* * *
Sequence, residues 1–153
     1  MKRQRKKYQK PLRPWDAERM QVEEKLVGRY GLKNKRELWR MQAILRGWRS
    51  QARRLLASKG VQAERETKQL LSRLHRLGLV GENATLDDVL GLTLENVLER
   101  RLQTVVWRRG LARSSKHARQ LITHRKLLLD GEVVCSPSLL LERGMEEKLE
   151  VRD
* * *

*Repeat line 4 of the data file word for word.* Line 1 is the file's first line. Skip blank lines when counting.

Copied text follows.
   101  RLQTVVWRRG LARSSKHARQ LITHRKLLLD GEVVCSPSLL LERGMEEKLE